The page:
Saturday, March 27, 2010

Meditate on Nothing

Meditate on Nothing

Meditate on nothing? Sounds like a contradiction. A wonderful book by Diana St. Ruth, called "A Guide to Buddhist Sitting Meditation" explains it well. Find a suitable place for meditation: quiet, peaceful, most importantly, intentional. Sit comfortably; arms in lap, palms up; eyes closed or half-closed. Breath in, breath out; counting silently to yourself; "One". In and out, count "Two". Breath naturally, not trying to control yourself in anyway. When you reach Ten, begin again. Most likely, you will become distracted by sensations, thoughts and noises. Acknowledge them and dismiss them quickly, beginning again at one. If you mindlessly go beyond ten, begin again. So you are intentionally meditating on nothing. Some find it helpful to stare at a gently moving object, such as a plume of incense smoke, a candle flame (be sure it is far enough away as to not hurt your eyes) or your own abdomen. While learning this technique, I preferred to stare at a weeping willow tree blowing in the wind. There was one visible from my mediation spot.

You will be surprised how much chatter is going on in your head. (or perhaps you will not) Make no judgment about what is happening with your mediation. It is neither good nor bad. It is, what it is; just so. It is perfect. It may be weeks or months before you will experience a moment when there is space between your thoughts. You of course, being human, will become so excited, you will distract yourself with thoughts of rejoicing and need to dismiss those and begin again. Then, in your trying very hard to re-capture the moment, may be too distracted to find the "Nothing" again during that meditation session. Dismiss it, it means nothing.

The counting to ten, is merely an exercise. Soon your ability to tap into calmness and concentration will develop. Move on when you feel it is time. You may be able to reach this state (of a quiet mind) while involved in any and all activities; washing dishes, running, walking, or taking a few moments to sit in the sun. For me, the natural world; trees, birds, flowers, wind, sun, water, rain, leaves, new growth, etc, are all sources of great power and peace thr
ough which I can access calmness and concentration.
Take time to listen to what is said without words, to obey the law too subtle to be written, to worship the unnameable and to embrace the unformed. Lao-TsuBe ever mindful, throughout the twenty-four hours of the day, to apply yourselves to the study of the Unthinkable. Daito Kokushi

A Monk asked Yueh-shan, "What does one think of while
"One thinks of not-thinking," the Master replied.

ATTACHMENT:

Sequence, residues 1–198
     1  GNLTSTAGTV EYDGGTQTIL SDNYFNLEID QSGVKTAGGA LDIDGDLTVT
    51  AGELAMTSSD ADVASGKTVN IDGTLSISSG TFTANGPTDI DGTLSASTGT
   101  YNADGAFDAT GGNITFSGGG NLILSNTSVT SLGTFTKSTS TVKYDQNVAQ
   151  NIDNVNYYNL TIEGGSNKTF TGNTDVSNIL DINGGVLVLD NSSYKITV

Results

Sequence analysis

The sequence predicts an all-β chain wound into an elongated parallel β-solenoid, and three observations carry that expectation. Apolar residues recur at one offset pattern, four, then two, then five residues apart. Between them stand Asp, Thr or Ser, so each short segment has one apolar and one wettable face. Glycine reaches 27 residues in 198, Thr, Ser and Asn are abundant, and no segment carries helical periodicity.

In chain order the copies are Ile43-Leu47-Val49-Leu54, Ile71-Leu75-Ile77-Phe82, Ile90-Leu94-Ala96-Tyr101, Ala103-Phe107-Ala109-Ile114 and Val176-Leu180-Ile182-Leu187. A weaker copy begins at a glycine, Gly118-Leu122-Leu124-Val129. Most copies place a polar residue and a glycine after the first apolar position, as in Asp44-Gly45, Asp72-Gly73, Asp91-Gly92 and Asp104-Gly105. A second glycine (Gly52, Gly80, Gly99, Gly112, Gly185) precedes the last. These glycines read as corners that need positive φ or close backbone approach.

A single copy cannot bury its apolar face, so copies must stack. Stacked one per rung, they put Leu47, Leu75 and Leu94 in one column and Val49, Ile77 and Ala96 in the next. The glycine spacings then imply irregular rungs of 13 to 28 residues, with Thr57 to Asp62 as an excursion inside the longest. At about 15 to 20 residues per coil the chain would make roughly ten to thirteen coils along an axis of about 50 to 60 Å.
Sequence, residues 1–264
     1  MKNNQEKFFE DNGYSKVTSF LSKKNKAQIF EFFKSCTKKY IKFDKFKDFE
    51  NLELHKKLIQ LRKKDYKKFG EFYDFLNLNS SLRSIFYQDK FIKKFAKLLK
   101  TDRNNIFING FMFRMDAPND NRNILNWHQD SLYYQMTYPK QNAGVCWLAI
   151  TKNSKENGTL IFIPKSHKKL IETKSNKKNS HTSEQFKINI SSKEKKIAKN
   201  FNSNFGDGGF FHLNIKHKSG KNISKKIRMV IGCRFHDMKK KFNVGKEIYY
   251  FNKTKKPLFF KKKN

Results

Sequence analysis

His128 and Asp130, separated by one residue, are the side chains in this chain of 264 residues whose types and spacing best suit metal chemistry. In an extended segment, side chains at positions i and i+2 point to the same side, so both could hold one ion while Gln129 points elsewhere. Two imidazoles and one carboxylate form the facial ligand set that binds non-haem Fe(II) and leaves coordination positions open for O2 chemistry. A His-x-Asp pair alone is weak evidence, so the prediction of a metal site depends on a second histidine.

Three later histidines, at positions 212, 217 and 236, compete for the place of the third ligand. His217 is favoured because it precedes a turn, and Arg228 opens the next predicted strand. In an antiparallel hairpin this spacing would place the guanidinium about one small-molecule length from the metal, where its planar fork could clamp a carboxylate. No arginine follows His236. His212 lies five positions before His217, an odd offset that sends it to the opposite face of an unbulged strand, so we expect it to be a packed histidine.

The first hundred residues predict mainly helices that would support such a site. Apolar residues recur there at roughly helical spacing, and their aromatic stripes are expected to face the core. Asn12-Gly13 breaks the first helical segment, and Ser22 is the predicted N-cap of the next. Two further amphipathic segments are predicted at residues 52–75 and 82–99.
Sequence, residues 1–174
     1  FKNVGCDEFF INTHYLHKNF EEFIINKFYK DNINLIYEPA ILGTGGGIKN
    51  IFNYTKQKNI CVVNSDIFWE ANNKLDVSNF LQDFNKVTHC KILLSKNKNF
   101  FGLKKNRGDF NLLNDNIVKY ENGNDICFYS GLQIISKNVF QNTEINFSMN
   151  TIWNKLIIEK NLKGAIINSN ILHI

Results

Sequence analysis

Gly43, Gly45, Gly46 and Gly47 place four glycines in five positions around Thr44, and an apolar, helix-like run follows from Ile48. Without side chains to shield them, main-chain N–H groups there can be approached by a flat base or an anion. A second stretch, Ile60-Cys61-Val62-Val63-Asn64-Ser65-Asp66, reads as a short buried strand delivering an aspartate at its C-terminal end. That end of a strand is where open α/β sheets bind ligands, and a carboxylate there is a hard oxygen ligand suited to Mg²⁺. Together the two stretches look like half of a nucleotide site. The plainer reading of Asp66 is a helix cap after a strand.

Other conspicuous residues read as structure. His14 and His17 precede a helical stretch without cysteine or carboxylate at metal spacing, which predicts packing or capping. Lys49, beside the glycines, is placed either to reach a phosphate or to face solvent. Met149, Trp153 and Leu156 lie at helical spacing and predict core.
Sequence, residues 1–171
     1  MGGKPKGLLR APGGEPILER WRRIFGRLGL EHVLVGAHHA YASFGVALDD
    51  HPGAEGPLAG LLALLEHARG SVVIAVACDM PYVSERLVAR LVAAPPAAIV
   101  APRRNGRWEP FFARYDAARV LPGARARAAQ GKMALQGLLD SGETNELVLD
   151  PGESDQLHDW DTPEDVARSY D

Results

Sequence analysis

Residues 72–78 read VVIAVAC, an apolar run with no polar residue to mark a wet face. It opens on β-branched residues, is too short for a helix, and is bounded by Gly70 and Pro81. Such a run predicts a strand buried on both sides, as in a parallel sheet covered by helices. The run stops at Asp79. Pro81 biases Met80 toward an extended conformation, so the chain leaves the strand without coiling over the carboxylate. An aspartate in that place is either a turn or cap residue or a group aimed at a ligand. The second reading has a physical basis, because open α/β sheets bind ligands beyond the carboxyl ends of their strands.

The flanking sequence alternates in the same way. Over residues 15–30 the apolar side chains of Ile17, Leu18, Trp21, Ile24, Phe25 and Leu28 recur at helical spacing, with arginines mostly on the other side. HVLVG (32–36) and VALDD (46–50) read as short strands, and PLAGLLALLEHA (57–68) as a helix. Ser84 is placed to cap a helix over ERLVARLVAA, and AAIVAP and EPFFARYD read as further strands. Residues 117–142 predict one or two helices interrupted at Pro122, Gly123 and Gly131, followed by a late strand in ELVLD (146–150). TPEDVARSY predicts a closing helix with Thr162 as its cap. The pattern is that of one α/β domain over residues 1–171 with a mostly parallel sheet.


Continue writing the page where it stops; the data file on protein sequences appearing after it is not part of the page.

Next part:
"How does one think of not-thinking?" the monk asked.
"Without thinking," the Master said.

Zen Mondo

As someone in chronic pain, I highly recommend a book, or a book on CD called, "Journey Into Healing", by Depok Chopra. It is extremely practical and includes a guide to mindfulness meditation. The CD only runs about an hour. Listening to it during a rest, is a fantastic way to both relax and learn to meditate . The spoken words are intermixed with short interludes of New-age type music.

Monday, March 8, 2010

Horribly Bumpy Sidewalks, fake cobblestones!

Imitating outdated is sort of like how Radio Shake began making record players that look like old fashioned radios. Strange, really strange. But here is the big question, and I am sure that mothers with strollers, bicyclers, those in electric wheelchairs and other mobility devices are wondering, "WHY DO THE SIDEWALKS HAVE TO BE SO BUMPY, AND WHY DO BUILDERS NEED TO MAKE THE PAVEMENT LOOK LIKE OLD FASHIONED COBBLESTONE???" Does this make any sense at all? When I was a child, sidewalks were made out of large slabs of slate. Hence they had separations between the squares, because really, "how big could a slab of slate be, and still hang together?" Now the sidewalks are made of cement, but for some unknown reason, even though for the most part, they are one long piece of cement, the builders feel they must divide them up in big squares. This way the cement looks similar to the slate sidewalk squares of yester-year, (except that they are cement, and sort of white-beige). Now they are are unnecessarily bumpy, very, very bumpy; teeth rattling, bone-jarring, bumpy. I could really do without the separations. I do realize that from time to time there are actual separations, where a new slab of concrete is poured. Fine, it cannot be helped. But to add divisions unnecessarily, seem insane.

Along the same lines, many of the outdoor mall areas seem to think folks will spend more money if the road looks like it was laid in the 1800's. So they shape the concrete into fake cobblestones. If you are in an electric wheelchair, as I am, this is excruciatingly painful. Yesterday I was at a mall that thought it would look interesting to put fake cobblestones on all of their handicapped ramps at each corner! Where is the sense in this???? It boggles my mind. When I got home yesterday, I had to crawl into bed. It took me two hours to stop vibrating from being bounced around so violently.

What can be done? Does anyone have a suggestion?

Friday, March 5, 2010

Thought for the Day

A month behind closed doors,
forgotten books, remembered, clear again.
Poems come like water to the pool,
welling up and out from perfect silence.
(Yuan Mei)